As its old enemy grows weak and it grows strong, China hasn’t forgotten World War II

23 Aug

Almost 11 years have passed and the war in Afghanistan is still a war. It has helped drain the treasury of a nation that doesn’t want to pay taxes.

An even bigger threat to that treasury and to global peace is occurring thousands of miles away in the Pacific. Its roots are deep, dating at least to 1937, when Japan invaded China.

The Chinese of today look at Americans and wonder how we can be friends with the Germans and the Japanese. We’ve forgotten World War II. They haven’t. Their country was occupied. Ours was not.

The hate never dissipated.

Around 1985, Chinese consumers were getting their first chances to buy televisions. Many were imported from Japan. Many didn’t work right. True or not, the perception was that Japan was dumping its faulty products on China. As the TVs failed, anger rose, then raged. Demonstrations were held to criticize the government for allowing this to happen and for being a party to this loss of face.

The protests continue.

E-mail has been circulating all over China calling for the boycott of Japanese products. One complaint in the e-mail is that the bosses of Japanese companies in China treat their Chinese employees like dogs. Beneath that remains the revulsion of doing business with a nation that murdered millions of Chinese and committed vicious, wide-scale atrocities that included massive gang rapes and burying people alive.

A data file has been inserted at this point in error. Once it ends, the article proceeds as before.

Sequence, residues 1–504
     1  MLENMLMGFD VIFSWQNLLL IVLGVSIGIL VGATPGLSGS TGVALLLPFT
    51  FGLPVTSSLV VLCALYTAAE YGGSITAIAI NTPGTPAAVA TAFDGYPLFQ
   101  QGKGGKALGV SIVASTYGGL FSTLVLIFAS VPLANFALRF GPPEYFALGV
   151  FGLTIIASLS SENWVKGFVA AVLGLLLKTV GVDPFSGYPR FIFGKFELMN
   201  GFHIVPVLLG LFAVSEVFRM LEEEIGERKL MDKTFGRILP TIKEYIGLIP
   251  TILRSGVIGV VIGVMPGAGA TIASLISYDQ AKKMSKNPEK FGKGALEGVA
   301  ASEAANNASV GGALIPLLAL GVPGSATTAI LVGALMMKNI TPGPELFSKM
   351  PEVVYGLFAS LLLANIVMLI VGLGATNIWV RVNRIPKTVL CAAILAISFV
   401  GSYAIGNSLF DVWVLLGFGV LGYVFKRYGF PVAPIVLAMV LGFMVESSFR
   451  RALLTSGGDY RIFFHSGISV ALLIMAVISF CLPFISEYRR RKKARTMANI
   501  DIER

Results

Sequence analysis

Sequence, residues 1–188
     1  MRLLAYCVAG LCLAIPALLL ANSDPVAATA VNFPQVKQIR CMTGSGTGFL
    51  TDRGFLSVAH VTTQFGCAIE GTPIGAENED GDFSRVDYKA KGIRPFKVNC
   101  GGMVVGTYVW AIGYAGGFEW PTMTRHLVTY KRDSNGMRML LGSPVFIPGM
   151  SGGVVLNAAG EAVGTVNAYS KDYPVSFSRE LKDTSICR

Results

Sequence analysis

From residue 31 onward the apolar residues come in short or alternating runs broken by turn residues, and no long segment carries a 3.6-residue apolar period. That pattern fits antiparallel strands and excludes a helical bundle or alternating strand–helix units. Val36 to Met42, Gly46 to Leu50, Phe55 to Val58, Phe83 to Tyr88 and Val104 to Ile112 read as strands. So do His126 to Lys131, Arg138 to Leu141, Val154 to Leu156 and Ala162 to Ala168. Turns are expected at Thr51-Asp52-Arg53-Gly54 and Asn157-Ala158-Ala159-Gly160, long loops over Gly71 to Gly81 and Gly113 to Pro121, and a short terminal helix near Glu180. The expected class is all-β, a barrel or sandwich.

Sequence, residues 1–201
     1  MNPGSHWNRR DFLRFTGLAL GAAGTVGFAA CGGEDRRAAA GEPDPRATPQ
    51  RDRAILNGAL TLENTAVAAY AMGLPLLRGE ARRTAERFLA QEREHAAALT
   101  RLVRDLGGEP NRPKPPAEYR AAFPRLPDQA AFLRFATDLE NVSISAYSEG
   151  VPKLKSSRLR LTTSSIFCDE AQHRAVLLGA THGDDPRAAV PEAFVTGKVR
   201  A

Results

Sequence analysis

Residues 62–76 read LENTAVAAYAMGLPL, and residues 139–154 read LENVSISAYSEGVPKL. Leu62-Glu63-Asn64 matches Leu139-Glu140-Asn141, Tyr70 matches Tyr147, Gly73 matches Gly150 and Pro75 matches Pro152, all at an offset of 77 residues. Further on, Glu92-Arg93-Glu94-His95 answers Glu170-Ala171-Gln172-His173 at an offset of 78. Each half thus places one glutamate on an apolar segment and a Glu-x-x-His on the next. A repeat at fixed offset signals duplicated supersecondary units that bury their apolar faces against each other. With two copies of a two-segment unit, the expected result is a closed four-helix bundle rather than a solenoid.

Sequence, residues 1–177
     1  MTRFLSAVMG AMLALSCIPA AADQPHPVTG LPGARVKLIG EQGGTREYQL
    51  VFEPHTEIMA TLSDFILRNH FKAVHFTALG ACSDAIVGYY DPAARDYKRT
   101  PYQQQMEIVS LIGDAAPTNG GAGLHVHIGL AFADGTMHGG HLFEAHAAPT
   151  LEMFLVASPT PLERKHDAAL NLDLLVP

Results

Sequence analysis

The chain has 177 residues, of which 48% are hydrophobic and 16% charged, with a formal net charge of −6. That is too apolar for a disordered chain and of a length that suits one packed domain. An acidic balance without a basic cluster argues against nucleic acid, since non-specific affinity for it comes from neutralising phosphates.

Americans don’t realize it, but almost 90 percent of Japan’s fighting forces in World War II were in China, not the islands we fought over.

While powerful back then, the Japanese of today are struggling to recover from a lengthy economic malaise.  As they do, they watch China grow wealthy and strong. Out of frustration, a bunch of them jumped in boats last weekend and landed on an Island that China claims. They planted Japanese flags.

This lit a fuse back in China, and several thousand took to the streets in protest.

All very interesting, and right now harmless. If, however, these skirmishes escalates and Vietnam, the Philippines, Indonesia and Taiwan also feel threatened, the U.S. could be lured in.

Anticipating the future, our presence in the Pacific already has grown. If the events of last week continue, it is likely to grow further.

Will there be a dialogue or will it just happen? In such a case, Americans will have to ask themselves: Is this our role, and are we willing to pay for it?

 

I think debate is needed now, while it is only pleasure craft and civilians taking over disputed islands, while decisions on budgets and taxes are still pending, and while national lunacy is still treatable.

This one could make Afghanistan look like a street fight.

Lanny Morgnanesi

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2 Responses to “As its old enemy grows weak and it grows strong, China hasn’t forgotten World War II”

  1. johncoyote August 23, 2012 at 10:37 am #

    Thank you for the article. WW2 left a bad taste in many countries. Hard to forget the bad deeds done to the people of China.

    Like

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